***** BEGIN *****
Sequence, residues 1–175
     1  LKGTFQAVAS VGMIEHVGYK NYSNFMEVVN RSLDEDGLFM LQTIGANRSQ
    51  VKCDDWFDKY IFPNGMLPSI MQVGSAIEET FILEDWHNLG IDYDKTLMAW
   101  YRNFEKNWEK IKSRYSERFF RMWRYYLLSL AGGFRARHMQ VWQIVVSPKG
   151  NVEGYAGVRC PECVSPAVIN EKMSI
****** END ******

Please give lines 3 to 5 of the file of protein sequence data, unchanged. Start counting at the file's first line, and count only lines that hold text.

    51  VKCDDWFDKY IFPNGMLPSI MQVGSAIEET FILEDWHNLG IDYDKTLMAW
   101  YRNFEKNWEK IKSRYSERFF RMWRYYLLSL AGGFRARHMQ VWQIVVSPKG
   151  NVEGYAGVRC PECVSPAVIN EKMSI